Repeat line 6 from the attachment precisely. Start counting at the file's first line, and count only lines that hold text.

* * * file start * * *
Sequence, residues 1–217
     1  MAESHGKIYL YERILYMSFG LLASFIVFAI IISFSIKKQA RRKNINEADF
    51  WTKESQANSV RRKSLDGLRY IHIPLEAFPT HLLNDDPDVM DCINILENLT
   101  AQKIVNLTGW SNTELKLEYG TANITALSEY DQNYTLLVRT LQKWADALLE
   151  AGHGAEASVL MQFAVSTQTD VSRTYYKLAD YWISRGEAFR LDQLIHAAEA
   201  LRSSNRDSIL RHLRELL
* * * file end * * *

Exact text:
   201  LRSSNRDSIL RHLRELL